KING: And what about anthrax and the Senate and office buildings and leaving town? Where are we today?

MCCAIN: I think our agencies of government are doing everything that they can to track this down and address the issue. I think Tom Ridge is very well-placed to speak on this issue to the American people when we need one voice. And I think we're going to get it with Tom Ridge there. And I know it's a terrible challenge. I -- I don't have the scientific knowledge or expertise to make a judgment on how serious this is. But I'm sure we will prevail over this one as well. KING: We have a reversal here. I was at -- I was in Washington yesterday at the Redskin game. And a military official said to me, we have something weird going on, Senator McCain. We have servicemen overseas writing home worried about the people at home.

MCCAIN: Well, that -- that shows the gravity of this threat to America. They are trying to frighten us. They are trying to shake our resolve. And they are trying to destroy the things that we believe in. And that's why this conflict is so important, and that's why we have to do whatever is necessary to bring it to an end as quickly as possible.

KING: There never will be a total victory over terrorism, will there? I mean, there will always be terrorism somewhere somehow.

MCCAIN: Sure. There will always be. Just like there was the Oklahoma City bombing and other acts of domestic terror.

But there's a great difference between the fact that we may be exposed to acts of terror, and countries who harbor, finance, provide training, and an environment for these people to be able to develop, coordinate, and carry out attacks of terrorism on the United States of America. Wherever they are, if they're rooted out and if they're on the run, they're going to be dramatically reduced in their effectiveness and their ability to inflect -- inflict these acts of terror upon the people of this country.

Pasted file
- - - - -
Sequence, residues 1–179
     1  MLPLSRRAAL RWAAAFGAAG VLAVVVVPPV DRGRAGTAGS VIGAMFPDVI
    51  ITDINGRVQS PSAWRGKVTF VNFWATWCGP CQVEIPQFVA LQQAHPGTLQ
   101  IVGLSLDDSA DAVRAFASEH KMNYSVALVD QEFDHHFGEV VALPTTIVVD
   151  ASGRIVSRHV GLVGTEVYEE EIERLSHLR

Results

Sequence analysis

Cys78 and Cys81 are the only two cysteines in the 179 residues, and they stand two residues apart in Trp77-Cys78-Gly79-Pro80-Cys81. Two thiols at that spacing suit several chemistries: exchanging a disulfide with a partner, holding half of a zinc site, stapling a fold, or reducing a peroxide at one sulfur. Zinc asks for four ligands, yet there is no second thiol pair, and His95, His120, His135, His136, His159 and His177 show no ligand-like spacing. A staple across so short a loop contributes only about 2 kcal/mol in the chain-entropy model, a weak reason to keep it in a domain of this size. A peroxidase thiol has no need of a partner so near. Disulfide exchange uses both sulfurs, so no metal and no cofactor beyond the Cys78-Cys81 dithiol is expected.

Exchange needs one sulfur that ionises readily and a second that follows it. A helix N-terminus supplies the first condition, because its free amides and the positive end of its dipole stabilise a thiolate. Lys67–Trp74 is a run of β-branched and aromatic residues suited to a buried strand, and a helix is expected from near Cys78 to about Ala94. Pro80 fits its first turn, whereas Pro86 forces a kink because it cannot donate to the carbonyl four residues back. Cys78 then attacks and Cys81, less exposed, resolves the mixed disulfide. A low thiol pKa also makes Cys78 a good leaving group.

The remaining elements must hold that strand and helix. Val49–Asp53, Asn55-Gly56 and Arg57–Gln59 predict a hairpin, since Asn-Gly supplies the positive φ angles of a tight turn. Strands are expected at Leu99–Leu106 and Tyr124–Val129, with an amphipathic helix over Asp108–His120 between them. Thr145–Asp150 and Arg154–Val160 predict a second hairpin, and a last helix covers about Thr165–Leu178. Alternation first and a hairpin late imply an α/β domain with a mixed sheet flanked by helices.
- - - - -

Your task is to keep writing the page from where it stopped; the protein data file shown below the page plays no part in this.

KING: And one other thing on Ramadan. You say: "We must reject appeals to suspend military operations to accommodate the religious practices of affected populations." In other words, you can never consider that in war? War is hell -- period?

MCCAIN: The last time I know I was Christmas of 1914, the Germans and British came out of the trenches and fraternized.

Look, the Egyptians attacked. There was an attack on Israel during Ramadan. The Iranians and the Iraqis fought through several Ramadans. The fact is that the Koran doesn't explicitly prohibit it. So I don't think it's an issue anymore than fighting on Christmas is, something we'd rather not do, but something that certainly should not be an overriding factor.

KING: Always good talking with you. Thank you so much, senator.

MCCAIN: Thank you, Larry.

KING: Senator John McCain, Republican of Arizona, a great decorated hero and a member of the Armed Services Committee.

More senators, more guests coming. Lots of big guests coming this week. We'll be telling you about that, too. We'll be right back.


(BEGIN VIDEO CLIP) ASHCROFT: If people take these warnings seriously, they go about their lives, but they participate with patience in the additional steps that are taken by law enforcement authorities, they are very likely participating in the prevention of terrorism and in the disruption of terrorism.